The article by Greg Spencer American Demographics (2004) states the trendiest changes in modern American demographics and points out the major shortcomings of the processes.
Thus, it is widely accepted that the population is growing in the USA. It is also known that it has become more diverse recently. The matter is that the immigration processes allows a huge quantity of other nationalities penetrate and mix with the white/English population. Hence, the great percentage from the whole residents is Hispanics or Asian minorities. In addition, The African Americans will probably remain the same.
The real crisis of the marketing in future may cause the growing need for the places from leaving for the coming people. The housing has become really dense in recent years. The growing population can lead to the national crisis in the sphere of industry, as well as in society. Immigrants are considered to be the immense driver of the economy (Spencer).
In addition there is a tendency for baby booming in the USA. “The fact that the Baby Boomers are going to turn 65 and start commanding an enormous share of the nation’s resources is going to catch people by surprise” (Spencer). Indeed, the people are not prepared for such an increase. Regarding the issue the new opportunities should be provided like new job places for health and care, for instance. Baby boomers have always produced a dramatic impact on the social and cultural aspects of the country. The tendency, however, remains and has to be dealt with.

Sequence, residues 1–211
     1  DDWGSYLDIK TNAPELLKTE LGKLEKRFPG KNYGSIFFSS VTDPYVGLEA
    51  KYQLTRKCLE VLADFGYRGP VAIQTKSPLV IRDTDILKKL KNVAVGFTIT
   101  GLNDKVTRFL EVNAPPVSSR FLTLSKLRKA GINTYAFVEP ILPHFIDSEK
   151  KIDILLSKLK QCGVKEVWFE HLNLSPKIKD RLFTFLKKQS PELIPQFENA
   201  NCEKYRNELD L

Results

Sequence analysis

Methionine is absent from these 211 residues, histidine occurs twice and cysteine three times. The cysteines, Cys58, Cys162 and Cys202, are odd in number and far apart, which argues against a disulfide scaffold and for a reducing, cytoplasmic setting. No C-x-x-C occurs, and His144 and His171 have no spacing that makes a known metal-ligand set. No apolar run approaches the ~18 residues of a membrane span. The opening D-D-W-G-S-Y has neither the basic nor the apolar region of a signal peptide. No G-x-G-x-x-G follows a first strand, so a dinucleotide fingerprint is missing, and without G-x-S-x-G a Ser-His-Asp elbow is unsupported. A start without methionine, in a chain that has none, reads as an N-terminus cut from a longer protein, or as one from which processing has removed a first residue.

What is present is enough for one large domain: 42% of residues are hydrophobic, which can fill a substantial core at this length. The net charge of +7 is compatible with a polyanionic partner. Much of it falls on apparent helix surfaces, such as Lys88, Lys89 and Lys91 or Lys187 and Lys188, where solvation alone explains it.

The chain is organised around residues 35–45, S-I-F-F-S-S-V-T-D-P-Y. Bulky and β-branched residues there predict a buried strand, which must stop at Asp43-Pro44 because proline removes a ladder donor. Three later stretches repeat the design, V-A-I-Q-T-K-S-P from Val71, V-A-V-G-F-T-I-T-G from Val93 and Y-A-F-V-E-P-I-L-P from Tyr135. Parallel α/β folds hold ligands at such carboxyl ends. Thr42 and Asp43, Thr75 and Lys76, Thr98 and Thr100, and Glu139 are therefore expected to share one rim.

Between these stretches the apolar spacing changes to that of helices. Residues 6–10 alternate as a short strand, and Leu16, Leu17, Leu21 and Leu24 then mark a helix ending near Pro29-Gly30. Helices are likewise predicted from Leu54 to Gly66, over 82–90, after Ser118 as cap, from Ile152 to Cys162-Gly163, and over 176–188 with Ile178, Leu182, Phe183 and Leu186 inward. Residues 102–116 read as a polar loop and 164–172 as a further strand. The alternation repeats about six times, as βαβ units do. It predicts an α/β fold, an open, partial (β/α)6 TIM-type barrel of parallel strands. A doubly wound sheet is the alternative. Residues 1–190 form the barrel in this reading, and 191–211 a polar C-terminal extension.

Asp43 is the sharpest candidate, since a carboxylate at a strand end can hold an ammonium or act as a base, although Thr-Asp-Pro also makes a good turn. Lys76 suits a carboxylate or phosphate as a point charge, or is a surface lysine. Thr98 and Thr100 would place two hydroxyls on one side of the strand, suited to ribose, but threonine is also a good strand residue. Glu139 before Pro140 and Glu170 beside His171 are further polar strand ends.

I believe that the above said trends in the next 25 years of the USA demographics will certainly influence other marketing issues. Mainly they will touch on the marketing strategies in the national economy. The changes can be either negative or positive, whatever.
First of all the national market will have to broaden and globalize. The issues of globalizations now are preserved in many aspects of both national and the global marketing strategies. In future under the influence of the current transformations in society it will be harder to support national economy. The exhaustion of the natural resources may lead to the marketing collapse.
For the future companies “the power of communities of the consumers, for example, united in affinity for a bound by geography, brand, or engaged in similar lifestyles. Basically the growth of such consumer network-building systems is the first seismic shift in the loyalty landscape of the companies” (Hobbs & Stoops). Moreover, information is considered to be power. The companies will have to enhance core brand value proposition through personalization and customer experience management. Besides, the power will be focused in the hands of mega market corporations that will rule all the aspects of social life and dictate their marketing laws. “In the global marketplace, three major areas of convergence are giving rise to a second generation of multimerchant loyalty coalitions: corporate convergence, in which mega-corporations continue to gobble one another up, with the corresponding size of their customer bases growing more astounding every day” (Hobbs & Stoops).